Life: April 2005 Archives

The Producers


A great thing about living in Hoboken is that New York City is right next door - with so much to do and offer us.

Last month was Lisa's birthday, and my present to her were tickets to The Producers. I hoped she could find a nice guy to take her.

Fortunately, I was that guy.

Before the show we made plans to meet up at 6:30 and grab dinner before the show. She was nice enough to send me a few links on city search - and had me choose one.

What to choose. What to choose.

I chose Cascina Ristorante on 45th and 9th. It was a simple restaurant, and I chose a table outside, it was brisk enough to make me wear my jacket, but I love to people watch.

Lisa arrived a little while later, and we had some wine and shared each other's dinners. The restaurant was good enough and certainly i'd recommend eating there before a show.

As we arrived at St. James Theater, the buzz that exists at a Broadway show hit me. Its something, to me, that is surreal. The palpable excitement that was in the air was very cool, and you kind of feel like "you are part of something". A show like this, and the feeling of sitting in the theater is like watching a rocket launch. You get the giddy interest of the anticipation of the start of the show - and once it begins you have a sense of relief and awe.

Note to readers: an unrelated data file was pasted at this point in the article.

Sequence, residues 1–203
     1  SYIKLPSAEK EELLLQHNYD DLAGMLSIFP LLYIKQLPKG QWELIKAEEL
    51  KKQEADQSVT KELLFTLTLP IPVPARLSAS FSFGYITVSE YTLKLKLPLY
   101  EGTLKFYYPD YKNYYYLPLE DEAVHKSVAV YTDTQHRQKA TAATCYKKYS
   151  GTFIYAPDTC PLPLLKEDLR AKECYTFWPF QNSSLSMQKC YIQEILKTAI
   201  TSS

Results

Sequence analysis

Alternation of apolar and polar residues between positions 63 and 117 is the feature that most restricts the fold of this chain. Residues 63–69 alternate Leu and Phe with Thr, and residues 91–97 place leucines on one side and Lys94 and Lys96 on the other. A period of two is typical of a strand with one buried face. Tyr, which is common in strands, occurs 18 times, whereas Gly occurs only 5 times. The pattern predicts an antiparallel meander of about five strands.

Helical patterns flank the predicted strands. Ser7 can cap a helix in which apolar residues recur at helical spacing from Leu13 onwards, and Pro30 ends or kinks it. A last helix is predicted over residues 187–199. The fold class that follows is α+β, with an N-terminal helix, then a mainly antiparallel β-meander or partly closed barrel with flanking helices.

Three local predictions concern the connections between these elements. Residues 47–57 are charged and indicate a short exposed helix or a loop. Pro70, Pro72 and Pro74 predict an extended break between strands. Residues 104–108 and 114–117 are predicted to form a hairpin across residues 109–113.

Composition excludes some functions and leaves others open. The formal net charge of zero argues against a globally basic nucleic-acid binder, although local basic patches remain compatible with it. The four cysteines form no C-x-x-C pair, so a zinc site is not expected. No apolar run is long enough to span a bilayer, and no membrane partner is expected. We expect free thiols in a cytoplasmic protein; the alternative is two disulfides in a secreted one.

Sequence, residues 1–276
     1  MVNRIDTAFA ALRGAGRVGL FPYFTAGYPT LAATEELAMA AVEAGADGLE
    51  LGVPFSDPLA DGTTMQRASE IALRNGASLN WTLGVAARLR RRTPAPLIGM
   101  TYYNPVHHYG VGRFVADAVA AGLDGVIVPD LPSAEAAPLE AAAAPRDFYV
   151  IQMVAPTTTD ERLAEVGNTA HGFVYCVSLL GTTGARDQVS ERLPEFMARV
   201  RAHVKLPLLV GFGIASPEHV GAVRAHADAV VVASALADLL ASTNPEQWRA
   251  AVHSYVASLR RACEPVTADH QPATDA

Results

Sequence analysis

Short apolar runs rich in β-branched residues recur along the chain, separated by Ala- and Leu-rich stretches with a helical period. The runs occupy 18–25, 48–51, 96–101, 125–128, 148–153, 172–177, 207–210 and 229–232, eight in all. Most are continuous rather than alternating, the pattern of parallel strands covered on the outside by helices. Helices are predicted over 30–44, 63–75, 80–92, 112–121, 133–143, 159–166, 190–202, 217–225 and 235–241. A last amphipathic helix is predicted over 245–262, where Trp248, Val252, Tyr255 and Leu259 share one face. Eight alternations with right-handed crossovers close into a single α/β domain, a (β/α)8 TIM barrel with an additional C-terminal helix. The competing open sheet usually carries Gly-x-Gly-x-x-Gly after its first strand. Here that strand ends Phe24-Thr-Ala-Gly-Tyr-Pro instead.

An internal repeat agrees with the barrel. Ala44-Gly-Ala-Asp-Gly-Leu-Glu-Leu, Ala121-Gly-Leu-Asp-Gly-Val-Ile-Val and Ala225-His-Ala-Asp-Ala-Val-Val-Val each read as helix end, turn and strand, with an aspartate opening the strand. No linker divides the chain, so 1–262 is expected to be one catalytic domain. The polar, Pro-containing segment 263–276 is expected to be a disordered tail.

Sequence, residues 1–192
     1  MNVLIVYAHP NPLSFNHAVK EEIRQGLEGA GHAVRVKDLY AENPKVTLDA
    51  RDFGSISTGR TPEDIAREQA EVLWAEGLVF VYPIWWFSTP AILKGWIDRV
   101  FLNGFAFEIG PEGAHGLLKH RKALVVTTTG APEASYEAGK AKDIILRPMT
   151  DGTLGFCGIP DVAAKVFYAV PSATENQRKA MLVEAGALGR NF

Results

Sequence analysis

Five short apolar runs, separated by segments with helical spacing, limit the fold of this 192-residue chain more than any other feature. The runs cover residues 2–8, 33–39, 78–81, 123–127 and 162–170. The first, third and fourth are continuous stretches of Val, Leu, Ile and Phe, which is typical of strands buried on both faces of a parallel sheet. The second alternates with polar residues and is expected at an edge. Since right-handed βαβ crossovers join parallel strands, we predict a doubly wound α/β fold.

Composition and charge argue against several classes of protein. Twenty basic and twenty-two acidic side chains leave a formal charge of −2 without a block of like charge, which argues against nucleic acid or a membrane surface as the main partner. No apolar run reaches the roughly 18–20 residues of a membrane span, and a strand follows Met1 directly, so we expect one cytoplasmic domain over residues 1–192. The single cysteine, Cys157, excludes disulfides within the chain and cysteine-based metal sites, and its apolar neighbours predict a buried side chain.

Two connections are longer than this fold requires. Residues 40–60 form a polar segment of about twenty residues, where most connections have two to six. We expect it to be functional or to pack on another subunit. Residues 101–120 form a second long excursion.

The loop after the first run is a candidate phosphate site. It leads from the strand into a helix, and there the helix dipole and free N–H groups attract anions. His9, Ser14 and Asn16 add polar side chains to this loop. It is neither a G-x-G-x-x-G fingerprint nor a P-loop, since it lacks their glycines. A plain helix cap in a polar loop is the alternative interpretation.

Maybe that is just me.

The show itself was simply goofy, campy and fun. Richard Kind played Max Bialystock, and he was fabulous. Richard nailed his role, and charmed the hell out of the audience. Alan Ruck played Leo Bloom and he was very average. I don't think he did a poor job, I just didn't find his acting very believable - I kept watching Alan Ruck acting rather than watching Leo Bloom performing.

One other interesting actor to note was Brooks Ashmanskas. He played the fruity "common law assistant" Carmen Ghia and was simply hilarious. He drew the hardest laughs from the audience, and I from the angle of my seats I was able to watch Richard Kind trying to maintain his composure during Brooks scenes. You know when you are doing a good job when your fellow actors are having a hard time not laughing at your routine.